Rain and cooler weather on Friday (20 May) helped firefighters to contain the spread of the blaze in the oil sands in Alberta. Although the fire has subsided, the air quality due to smoke has become a matter of concern for the authorities.

The fire that erupted a few weeks ago in Fort McMurray in Alberta and spread to adjoining areas, affected more than 500,000 hectares of area and led to the evacuation of over 100,000 residents and oil sands workers.

With the containment of the fire, some oil sands such as Statoil, Imperial Oil and ConocoPhillips Canada are back in operation, but Suncor and Syncrude oil sands sites will continue to remain shut under mandatory evacuation orders along with 19 other work camps north of Fort McMurray.

Shane Schreiber, head of the Alberta Emergency Management Agency, said the oil sands may not resume operations "until the air quality index becomes stable and until we get a couple more days of getting good firefighting done on that fire".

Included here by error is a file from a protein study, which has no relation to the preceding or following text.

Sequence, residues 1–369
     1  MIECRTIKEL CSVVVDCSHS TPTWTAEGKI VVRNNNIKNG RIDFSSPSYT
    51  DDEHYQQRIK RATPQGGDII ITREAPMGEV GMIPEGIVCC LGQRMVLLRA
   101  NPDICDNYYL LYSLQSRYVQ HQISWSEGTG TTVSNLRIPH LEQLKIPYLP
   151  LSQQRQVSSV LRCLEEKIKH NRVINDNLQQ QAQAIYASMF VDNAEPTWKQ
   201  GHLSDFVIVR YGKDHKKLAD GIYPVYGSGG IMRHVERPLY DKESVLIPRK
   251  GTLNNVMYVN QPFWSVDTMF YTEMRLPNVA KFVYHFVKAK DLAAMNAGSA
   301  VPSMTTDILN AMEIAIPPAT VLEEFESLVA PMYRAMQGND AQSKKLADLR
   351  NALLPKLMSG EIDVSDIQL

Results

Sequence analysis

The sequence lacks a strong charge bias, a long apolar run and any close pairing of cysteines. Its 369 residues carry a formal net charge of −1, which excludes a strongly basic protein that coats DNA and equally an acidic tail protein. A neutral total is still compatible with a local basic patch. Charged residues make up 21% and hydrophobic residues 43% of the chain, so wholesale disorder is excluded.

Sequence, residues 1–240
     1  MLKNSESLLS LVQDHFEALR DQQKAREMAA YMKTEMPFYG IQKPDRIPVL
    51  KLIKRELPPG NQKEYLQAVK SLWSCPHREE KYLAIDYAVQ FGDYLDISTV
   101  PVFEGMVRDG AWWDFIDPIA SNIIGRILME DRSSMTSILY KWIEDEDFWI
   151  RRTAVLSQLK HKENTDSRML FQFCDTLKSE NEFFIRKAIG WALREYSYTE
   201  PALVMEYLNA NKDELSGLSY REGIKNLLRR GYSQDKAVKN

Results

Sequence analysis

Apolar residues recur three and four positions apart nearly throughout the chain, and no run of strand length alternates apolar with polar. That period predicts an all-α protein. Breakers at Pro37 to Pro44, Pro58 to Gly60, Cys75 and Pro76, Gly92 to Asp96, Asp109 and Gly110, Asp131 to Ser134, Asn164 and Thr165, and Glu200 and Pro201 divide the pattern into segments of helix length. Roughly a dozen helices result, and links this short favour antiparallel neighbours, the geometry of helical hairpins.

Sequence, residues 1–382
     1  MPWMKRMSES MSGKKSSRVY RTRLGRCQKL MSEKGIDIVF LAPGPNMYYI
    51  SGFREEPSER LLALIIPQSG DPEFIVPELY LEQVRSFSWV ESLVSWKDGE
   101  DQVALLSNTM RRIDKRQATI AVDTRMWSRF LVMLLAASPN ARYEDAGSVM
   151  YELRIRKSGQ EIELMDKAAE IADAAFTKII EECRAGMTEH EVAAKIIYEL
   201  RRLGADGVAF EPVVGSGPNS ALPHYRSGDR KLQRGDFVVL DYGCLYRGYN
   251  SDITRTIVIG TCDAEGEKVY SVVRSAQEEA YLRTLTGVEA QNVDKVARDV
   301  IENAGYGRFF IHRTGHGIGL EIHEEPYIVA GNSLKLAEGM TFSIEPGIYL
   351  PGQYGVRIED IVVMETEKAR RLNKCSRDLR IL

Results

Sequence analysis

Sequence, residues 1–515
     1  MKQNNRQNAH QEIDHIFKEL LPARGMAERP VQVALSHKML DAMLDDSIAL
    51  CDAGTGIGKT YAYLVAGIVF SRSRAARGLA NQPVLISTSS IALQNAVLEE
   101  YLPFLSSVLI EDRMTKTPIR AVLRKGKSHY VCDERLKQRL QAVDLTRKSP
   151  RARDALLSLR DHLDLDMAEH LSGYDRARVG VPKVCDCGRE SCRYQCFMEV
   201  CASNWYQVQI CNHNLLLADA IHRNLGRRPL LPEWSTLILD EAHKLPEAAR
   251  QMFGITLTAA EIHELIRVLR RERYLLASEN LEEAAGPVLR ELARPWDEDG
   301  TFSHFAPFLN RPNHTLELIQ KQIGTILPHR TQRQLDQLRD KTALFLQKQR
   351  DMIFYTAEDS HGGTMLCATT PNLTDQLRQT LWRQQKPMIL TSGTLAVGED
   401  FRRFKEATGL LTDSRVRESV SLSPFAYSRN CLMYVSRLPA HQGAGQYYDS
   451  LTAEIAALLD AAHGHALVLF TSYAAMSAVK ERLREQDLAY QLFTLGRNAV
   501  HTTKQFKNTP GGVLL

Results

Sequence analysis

Meanwhile, Alberta Wildfire Manager Chad Morrison was quoted by Reuters as saying at a news conference that they expect to contain the fire over the weekend and are preparing to bring in more firefighters.

Over the coming weeks, authorities plan to double the number of firefighters to put out the blaze. Currently about 1,100 firefighters are at work with bulldozers and aircraft, Morrison said.

Canada wildfire Fort McMurray

"We continue to have firefighters deployed closely around the oil sands operations and industrial camps," Morrison said.

"The fire will take some time to put out, but we feel that given the current conditions and the number of firefighters we have there, there is no immediate threat (to the facilities). Hopefully this weekend we'll see some much needed precipitation, but until then firefighters continue to dig in and hold the line around the community (of Fort McMurray) and protect critical infrastructure," he added.